nineteen, embezzles H3500 from the bank. After
getting George to promise that he will go straight
Jenny takes the blame and is about to be sentenced
when someone hy exerting his influence has the mate
ter silenced and both Jen and George are freed.
Milly Clithel Pluej is the youngest daughter and
adds a lot of pep and zest to the play. She uses
slang galore and because of her independent outt-
look on life produces numerous laughs.
Blake Chester flienjamin Harrisonj. the scion
of a wealthy family. is very much in love with Milly
and much to the disgust of his mother, a very aris-
tocratic woman. announces his intentions of marry-
Arthur McLeod Cltohert ltlartinj, a very deter-
mined young man, has been in love with Jenny for
a long time and has never proposed. but has assumed
a sort of proprietary interest towards her. ln or-
der to arouse his curiosity Jenny tells him that she
is going to marry someone else. lt is at the very
close of the play that Arthur discovers that Jenny
was merely pretending.
llrs. Blinders Q.-Xrlene Kocherj is a gossiping
neighbor who visits Ma to learn the news of the
Fowler family. Her butting-in furnishes many
Mr. Harrison QJohn Conryj is a typical business
man of fifty. He is the employer of Jenny and
George Qlvilliam OatesQ. the son, is a shitty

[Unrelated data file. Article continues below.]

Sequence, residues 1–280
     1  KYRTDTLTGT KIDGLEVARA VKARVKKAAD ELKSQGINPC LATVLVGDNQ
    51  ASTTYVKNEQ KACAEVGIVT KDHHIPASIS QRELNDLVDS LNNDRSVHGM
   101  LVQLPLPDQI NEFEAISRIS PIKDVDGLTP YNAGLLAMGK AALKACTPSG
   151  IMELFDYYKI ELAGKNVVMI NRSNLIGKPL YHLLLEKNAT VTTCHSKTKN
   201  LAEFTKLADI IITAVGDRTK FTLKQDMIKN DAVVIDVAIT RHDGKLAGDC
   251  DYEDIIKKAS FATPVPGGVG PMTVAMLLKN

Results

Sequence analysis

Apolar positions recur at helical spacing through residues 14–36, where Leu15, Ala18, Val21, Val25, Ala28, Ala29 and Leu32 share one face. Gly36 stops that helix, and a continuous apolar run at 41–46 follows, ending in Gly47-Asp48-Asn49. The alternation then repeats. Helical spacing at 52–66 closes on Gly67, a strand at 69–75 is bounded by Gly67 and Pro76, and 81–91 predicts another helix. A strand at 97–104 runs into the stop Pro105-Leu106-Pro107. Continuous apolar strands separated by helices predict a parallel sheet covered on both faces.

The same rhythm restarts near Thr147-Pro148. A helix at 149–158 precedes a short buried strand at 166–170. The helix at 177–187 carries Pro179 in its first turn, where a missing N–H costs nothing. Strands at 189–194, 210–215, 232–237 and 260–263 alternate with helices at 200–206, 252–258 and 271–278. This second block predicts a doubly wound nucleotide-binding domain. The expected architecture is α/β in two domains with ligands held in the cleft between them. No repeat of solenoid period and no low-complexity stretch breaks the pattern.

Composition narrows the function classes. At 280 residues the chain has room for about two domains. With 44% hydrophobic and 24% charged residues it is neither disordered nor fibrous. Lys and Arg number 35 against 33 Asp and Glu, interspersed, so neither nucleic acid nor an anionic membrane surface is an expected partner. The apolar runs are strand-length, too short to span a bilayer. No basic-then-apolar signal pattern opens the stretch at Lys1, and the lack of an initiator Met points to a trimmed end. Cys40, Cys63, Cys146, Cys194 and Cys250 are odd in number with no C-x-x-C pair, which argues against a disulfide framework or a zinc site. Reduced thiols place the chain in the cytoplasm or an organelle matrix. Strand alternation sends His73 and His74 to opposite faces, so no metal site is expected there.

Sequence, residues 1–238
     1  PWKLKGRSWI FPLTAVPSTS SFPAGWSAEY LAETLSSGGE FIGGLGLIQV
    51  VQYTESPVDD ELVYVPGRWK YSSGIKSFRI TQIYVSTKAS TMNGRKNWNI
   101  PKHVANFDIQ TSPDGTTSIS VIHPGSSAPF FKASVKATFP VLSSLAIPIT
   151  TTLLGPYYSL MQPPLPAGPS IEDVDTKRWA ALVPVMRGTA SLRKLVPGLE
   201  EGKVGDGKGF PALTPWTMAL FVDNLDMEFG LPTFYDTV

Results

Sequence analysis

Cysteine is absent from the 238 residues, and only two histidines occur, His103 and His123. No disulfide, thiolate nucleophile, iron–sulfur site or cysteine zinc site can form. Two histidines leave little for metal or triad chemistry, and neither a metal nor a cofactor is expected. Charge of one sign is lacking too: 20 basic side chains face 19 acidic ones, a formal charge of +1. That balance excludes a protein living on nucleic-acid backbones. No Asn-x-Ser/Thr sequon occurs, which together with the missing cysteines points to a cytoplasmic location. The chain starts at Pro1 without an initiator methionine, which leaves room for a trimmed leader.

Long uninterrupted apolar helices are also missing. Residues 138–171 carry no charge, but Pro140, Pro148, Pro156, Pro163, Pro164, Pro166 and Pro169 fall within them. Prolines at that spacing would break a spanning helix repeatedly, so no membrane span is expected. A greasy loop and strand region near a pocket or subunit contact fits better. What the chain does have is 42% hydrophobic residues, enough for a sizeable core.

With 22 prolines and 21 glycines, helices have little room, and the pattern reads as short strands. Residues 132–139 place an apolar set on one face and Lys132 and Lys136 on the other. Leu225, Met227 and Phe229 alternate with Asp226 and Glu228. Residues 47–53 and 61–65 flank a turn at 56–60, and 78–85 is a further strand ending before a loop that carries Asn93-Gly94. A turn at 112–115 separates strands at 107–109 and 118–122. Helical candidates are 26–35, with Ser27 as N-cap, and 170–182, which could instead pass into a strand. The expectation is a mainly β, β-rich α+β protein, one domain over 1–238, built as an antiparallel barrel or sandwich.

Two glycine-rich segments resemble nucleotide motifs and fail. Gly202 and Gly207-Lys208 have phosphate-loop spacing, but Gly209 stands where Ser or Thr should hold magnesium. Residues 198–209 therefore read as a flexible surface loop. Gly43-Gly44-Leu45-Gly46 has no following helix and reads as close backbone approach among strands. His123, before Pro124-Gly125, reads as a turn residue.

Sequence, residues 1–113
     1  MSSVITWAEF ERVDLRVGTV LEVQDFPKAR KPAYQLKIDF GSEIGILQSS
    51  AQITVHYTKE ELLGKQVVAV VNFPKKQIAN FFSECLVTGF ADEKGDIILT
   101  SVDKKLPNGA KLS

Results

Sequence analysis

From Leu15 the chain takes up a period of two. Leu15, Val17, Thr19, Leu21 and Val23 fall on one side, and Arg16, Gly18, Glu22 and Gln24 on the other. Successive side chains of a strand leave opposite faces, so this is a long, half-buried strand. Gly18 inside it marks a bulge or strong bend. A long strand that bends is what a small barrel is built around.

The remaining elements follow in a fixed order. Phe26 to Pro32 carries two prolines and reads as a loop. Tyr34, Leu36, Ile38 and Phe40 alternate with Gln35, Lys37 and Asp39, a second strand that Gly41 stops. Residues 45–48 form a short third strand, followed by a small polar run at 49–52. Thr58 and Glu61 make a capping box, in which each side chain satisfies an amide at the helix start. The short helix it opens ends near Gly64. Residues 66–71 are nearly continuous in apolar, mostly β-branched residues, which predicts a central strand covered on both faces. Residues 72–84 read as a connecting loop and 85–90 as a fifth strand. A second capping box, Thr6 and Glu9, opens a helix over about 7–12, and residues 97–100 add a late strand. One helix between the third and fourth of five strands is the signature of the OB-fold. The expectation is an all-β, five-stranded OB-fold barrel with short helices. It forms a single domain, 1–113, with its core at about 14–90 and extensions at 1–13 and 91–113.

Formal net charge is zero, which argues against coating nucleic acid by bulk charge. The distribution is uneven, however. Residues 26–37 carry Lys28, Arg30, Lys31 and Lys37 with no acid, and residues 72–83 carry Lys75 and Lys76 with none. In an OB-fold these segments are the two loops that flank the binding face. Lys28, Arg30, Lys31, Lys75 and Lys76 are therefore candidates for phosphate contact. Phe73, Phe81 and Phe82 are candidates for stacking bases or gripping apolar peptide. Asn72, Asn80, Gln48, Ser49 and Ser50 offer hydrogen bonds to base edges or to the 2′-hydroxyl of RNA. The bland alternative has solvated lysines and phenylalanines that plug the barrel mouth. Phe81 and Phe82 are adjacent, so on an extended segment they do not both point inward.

ne'er-do-well boy of nineteen. He is the only mein--
ber of the family towards whom lla shows any
Mrs. Chester CPhyrne lilyj is a very wealthy and
aristocratic lady, who, at first, absolutely refuses to
let her son Blake marry llilly. lint when Uncle
Ben, Pa's brother from Arizona, makes the start-
ling announcement that he is a millionaire and that
Milly is worth 955004000 she consents to the l11Z11"
Ben Fowler CJohn Fberj suddenly comes out of
the VVest to visit his brother. His appearance is
very deceiving because he looks like a poor man but
is in reality a millionaire. lt is he who starts Pa
on the road to success and erases from the minds of
the family the terrible disgrace that George once
stole 35500 from a bank.
JUNIOR CLASS PLAY
One of the most successful stage productions ever
presented by the students of Townsend High School
was the Junior C'lass Play. ff.-X Little C"lodhopper',
by Yvalter Ben Hare, which attracted a record
crowd to the Town Hall on Friday evening, ixlay
The play, which was staged in the home of lNIrs.
Chiggerson-Boggs, of New York, dealt with prob-
lems all youth must face and conquer or be con-
quered. Josephine Raton as the Little Clodhopper
fJndyj an orphan was often abused and knocked
about, YVintield Swabley as the book agent and de-
tective. Sherman Hyde as the delicate little son of
Mrs.Chiggerson-Boggs, Glenora Gardner as the
vamp, but witty young thing, John Neilsen as the
farm hand and policeman, Evelyn Lehnert as the
scheming mother of George, Ilo lily as the hostess
and admiring wife of Ocey Gump. displayed marked
ability in depicting their characters and won great
applause for the realistic portrayal of their parts.